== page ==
Shortly after I turned 20, my family moved from central Illinois to Southern California, swapping snow boots for sandals; we also traded in two apple trees for a grove of lemons, avocados, pomegranates, figs, and jujubes. A few years ago, I started my quest to grow heirloom vegetables, which frustrated and rewarded me in seemingly equal quantities—only a few hinona kabu turnips came up the first year, but the dan hobak (known as kabocha to most folks) immediately blanketed the backyard, flowering with dozens of sweet squashes-to-be.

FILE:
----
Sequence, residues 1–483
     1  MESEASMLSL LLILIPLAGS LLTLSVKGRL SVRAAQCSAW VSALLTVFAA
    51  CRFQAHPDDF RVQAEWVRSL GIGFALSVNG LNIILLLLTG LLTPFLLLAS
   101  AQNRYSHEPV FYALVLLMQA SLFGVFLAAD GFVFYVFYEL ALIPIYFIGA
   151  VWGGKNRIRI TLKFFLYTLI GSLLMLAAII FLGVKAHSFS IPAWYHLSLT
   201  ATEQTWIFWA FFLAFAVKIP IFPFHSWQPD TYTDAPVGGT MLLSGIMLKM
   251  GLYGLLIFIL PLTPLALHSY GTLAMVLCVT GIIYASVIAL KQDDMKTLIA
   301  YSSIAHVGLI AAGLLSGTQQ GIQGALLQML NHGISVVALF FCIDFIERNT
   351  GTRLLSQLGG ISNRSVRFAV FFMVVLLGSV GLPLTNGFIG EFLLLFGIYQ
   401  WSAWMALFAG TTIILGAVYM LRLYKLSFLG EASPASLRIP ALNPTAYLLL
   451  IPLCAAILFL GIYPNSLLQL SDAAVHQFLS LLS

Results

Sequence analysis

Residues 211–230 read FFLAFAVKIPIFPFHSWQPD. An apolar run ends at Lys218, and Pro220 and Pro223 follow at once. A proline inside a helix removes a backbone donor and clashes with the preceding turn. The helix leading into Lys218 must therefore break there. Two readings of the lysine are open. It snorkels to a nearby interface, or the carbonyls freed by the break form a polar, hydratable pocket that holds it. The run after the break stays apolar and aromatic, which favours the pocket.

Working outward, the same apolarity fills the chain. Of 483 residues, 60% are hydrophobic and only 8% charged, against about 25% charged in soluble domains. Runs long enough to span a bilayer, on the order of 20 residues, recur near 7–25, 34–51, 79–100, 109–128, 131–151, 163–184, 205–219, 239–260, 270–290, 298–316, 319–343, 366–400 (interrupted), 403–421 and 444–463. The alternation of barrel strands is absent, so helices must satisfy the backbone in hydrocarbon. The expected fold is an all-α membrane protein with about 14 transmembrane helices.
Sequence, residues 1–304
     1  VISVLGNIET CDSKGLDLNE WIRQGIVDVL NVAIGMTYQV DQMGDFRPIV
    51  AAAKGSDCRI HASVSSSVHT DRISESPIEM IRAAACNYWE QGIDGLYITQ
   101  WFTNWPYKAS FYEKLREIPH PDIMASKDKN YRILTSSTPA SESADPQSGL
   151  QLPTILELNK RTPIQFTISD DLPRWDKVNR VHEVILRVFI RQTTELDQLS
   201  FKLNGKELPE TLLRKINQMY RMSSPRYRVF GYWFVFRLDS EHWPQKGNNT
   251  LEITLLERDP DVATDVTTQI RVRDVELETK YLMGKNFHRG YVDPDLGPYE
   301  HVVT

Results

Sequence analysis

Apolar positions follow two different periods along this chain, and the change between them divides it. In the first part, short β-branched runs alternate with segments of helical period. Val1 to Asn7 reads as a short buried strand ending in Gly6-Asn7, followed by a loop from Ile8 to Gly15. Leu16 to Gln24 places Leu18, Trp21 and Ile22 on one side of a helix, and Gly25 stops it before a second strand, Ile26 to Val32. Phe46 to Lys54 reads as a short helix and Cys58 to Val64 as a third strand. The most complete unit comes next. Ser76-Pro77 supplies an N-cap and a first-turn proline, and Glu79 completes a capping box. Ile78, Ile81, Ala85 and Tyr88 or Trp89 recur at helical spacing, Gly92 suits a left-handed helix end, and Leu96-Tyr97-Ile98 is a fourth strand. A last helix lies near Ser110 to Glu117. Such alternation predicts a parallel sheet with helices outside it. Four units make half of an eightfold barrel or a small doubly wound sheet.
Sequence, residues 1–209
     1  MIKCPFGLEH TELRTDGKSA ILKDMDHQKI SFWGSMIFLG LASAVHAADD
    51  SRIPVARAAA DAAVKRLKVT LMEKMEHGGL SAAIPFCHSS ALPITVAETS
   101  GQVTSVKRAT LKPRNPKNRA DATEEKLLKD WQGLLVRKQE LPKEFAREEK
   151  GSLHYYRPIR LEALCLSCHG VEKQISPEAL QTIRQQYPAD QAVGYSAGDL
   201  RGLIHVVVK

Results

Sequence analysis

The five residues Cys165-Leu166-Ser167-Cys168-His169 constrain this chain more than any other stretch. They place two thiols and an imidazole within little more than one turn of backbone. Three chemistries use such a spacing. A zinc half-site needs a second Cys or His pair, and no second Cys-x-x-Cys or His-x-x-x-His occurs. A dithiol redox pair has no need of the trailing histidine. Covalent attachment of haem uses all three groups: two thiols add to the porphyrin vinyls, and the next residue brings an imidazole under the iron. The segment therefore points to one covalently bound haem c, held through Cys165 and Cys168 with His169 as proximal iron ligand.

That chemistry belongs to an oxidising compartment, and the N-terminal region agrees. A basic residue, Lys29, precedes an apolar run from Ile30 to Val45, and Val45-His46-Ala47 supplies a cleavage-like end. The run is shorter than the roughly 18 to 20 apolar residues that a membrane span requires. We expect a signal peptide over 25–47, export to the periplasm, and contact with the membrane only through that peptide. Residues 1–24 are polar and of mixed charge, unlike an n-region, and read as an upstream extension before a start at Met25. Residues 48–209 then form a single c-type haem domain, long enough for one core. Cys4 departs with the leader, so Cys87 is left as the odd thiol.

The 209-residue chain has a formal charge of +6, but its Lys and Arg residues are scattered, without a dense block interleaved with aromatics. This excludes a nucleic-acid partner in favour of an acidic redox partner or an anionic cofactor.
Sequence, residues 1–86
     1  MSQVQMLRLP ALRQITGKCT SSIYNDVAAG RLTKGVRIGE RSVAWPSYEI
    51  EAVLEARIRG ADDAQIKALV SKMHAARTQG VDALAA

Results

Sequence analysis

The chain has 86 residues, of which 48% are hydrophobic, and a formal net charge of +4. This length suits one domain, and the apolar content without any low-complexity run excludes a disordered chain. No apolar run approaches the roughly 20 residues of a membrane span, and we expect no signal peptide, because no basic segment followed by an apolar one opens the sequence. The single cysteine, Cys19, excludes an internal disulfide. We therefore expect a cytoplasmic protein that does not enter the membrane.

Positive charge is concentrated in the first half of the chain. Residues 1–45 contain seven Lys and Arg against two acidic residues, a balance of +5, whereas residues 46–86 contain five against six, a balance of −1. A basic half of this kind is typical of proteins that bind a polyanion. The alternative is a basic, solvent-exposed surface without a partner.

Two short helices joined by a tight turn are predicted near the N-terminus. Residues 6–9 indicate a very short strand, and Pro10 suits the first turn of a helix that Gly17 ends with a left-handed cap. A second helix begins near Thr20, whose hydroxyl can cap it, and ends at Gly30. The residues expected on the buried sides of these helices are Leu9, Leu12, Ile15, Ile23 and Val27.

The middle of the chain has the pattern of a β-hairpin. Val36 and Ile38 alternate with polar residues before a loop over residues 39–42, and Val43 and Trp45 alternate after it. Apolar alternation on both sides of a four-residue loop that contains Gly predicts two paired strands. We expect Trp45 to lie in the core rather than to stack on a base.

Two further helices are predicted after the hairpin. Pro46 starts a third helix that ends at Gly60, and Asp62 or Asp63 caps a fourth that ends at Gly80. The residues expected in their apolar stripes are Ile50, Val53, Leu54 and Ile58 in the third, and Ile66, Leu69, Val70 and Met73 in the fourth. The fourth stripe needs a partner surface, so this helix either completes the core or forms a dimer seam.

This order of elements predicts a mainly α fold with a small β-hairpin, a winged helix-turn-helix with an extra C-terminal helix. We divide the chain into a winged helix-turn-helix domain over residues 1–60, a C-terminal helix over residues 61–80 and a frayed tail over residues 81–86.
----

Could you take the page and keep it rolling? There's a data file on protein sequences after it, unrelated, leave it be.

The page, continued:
My mother, who grew up on a farm in South Korea, was overjoyed that she could be outside all year round —even after she fell from the top of her fig tree and broke her little toe. “Look at all these figs I picked!” she exclaimed, sitting on the ground with her toe swelling up. “Make sure you take all the figs inside and wash them right away, or their juice will attract bugs,” she instructed my father when he deposited her on her bed, shaking his head and going to call the doctor.